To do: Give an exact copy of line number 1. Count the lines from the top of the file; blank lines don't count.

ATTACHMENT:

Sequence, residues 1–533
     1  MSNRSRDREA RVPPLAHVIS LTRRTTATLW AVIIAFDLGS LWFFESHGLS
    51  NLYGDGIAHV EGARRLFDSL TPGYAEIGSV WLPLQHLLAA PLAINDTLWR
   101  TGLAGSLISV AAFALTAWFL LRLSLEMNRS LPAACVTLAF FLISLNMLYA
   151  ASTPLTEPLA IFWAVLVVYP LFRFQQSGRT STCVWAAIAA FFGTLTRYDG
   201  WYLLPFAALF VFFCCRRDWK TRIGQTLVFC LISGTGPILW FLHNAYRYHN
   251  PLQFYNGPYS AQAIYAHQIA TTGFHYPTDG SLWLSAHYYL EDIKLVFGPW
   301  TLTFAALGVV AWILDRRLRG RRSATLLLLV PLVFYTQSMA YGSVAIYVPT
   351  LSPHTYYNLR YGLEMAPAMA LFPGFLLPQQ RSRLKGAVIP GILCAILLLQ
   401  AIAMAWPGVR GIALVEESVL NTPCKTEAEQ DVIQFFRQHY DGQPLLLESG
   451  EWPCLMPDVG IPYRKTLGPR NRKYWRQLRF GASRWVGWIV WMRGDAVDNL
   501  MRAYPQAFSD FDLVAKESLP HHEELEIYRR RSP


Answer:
Sequence, residues 1–533